billstewart writes: XenSource has been in the news twice this week — Monday they release a product, then Tuesday they get bought for $500m by Citrix. Here's Network World's take on the buyout and on the product.
It looks like the product is packaging new releases of several of their components — there's a 64-bit hypervisor version 3.1 that uses the Intel and AMD hardware tricks, APIs, management tools, and XenMotion, which lets you move running virtual machines around. According to Xen's product page, the free-beer XenExpress version gets the hypervisor, APIs, and some of the management tools, but not the fancier management or XenMotion, and it's somewhat crippled in terms of capacity (max 4 VMs, 2 CPUs, 4GB RAM, while the commercial versions support 128GB total RAM, larger VMs, and unlimited VMs and CPUs.)
(But will it run Linux?) It will run Linux — one of the data sheets implies that Linux only runs in 32-bit mode, while Windows can run 64-bit. Perhaps there's more documentation that provides more details.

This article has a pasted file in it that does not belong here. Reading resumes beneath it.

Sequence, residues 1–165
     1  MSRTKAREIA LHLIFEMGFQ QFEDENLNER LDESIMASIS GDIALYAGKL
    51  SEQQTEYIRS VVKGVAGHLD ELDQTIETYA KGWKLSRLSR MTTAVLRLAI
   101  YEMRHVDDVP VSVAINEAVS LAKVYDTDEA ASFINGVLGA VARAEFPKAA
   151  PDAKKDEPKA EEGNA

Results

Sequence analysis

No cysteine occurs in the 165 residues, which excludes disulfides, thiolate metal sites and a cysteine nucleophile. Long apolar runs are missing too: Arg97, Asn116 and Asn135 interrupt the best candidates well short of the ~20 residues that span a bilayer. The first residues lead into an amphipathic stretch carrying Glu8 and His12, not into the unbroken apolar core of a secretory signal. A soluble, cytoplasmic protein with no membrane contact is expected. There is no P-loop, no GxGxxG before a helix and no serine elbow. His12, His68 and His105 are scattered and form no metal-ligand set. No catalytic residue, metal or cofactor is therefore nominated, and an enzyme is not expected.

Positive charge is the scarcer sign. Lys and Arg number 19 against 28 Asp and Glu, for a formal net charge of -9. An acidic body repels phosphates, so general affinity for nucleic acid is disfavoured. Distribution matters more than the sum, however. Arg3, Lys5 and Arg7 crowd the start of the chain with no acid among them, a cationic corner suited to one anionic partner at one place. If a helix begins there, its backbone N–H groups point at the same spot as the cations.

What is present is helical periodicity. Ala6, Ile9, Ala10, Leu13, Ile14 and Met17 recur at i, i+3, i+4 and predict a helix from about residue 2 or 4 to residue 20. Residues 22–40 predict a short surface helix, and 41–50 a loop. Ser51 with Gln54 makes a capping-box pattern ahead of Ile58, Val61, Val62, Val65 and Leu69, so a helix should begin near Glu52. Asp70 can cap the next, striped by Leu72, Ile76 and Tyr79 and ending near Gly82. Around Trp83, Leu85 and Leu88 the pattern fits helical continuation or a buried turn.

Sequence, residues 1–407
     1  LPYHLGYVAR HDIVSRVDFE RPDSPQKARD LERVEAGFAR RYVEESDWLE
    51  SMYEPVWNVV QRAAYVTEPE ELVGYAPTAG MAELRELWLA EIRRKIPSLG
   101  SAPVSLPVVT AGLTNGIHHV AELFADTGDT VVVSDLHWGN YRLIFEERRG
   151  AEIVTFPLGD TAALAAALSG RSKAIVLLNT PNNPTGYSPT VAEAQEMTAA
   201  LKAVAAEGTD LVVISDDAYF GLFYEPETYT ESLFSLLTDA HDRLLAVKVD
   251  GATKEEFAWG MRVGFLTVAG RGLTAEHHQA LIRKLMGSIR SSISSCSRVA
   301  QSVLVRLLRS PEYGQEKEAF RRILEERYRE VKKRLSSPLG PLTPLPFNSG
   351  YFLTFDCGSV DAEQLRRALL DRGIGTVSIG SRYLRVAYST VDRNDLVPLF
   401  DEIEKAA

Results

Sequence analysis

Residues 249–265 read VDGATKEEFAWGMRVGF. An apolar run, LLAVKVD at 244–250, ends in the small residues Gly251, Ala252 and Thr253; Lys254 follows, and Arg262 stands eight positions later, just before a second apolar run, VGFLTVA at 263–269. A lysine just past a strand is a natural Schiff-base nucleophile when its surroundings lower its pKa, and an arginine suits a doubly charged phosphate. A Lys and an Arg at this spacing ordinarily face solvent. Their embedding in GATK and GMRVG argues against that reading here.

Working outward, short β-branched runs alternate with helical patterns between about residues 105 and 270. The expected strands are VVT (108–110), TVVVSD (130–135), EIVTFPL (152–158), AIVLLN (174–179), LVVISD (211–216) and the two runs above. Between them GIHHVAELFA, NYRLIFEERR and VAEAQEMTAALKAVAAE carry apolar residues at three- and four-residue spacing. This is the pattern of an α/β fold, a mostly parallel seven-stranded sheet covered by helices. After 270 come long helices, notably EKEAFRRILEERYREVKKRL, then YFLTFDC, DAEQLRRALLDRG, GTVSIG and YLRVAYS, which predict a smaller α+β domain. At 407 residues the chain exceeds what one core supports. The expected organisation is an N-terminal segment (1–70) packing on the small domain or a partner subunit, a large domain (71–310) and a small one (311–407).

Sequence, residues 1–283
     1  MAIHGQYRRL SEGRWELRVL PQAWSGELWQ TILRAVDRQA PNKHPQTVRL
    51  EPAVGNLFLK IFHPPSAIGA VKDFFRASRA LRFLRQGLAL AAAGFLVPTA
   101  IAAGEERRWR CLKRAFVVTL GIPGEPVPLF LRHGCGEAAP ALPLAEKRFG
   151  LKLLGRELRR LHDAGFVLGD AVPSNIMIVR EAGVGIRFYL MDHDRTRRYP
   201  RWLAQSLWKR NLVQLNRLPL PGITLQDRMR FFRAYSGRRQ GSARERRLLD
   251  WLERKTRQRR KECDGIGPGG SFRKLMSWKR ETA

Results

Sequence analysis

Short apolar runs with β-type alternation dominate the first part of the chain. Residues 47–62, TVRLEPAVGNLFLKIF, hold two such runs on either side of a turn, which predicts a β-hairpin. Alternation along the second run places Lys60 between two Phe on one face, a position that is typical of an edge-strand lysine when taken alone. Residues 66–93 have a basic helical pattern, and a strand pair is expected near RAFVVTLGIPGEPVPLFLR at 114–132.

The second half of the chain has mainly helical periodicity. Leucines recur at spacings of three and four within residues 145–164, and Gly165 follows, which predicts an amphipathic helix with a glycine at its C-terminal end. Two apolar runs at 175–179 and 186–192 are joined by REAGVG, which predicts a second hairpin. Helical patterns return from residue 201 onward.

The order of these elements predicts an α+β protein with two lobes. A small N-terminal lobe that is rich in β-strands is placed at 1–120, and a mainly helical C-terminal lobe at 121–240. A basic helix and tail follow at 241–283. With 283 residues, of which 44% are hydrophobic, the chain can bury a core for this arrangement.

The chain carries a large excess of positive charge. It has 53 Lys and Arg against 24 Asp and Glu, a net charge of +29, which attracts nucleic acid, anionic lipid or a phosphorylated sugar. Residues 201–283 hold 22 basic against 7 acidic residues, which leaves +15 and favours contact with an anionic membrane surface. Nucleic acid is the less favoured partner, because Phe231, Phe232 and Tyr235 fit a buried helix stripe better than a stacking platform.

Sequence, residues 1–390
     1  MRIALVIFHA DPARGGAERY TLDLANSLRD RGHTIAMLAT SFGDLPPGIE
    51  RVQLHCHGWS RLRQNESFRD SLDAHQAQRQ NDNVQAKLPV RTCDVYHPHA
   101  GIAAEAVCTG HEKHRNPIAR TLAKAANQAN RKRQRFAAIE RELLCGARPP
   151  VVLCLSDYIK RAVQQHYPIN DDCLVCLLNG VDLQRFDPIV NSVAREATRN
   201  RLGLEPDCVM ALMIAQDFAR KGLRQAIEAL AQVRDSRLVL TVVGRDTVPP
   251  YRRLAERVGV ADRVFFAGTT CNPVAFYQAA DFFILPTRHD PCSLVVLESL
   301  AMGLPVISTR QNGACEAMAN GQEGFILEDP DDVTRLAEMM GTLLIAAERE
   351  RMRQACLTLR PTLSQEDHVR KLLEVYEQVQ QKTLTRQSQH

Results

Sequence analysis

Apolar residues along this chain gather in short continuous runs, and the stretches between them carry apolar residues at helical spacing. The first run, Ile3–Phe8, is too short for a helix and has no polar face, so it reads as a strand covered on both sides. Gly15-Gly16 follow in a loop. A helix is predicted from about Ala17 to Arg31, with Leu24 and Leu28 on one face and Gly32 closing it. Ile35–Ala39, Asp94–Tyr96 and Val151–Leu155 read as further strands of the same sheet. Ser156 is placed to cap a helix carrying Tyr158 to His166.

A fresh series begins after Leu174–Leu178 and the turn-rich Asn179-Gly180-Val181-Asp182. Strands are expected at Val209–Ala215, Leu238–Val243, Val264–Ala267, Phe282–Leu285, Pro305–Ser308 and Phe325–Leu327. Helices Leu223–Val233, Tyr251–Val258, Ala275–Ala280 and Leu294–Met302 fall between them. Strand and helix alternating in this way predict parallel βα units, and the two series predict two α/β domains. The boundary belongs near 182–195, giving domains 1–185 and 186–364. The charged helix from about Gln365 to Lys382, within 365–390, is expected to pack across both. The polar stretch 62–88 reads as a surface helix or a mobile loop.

billstewart writes: Network World has an article on networks of pneumatic tubes, which are still around in some cities, and also used in places like hospitals. As the article says, "Try delivering bottles of pills over Ethernet." There have been a number of proposals to take unused city pneumatic networks and run fiber optic telecom lines through them. Unfortunately, according to the article, most of them haven't actually worked out — 9/11/2001 interfered with the plans to do that around Wall Street, and city governments haven't always been cooperative, especially when their water&sewer departments want to run fiber through their own tubes. One company has some patents on doing it — the business model may be obvious, but getting the fiber actually blown through the tubes without damaging it apparently has some non-obvious techniques to it.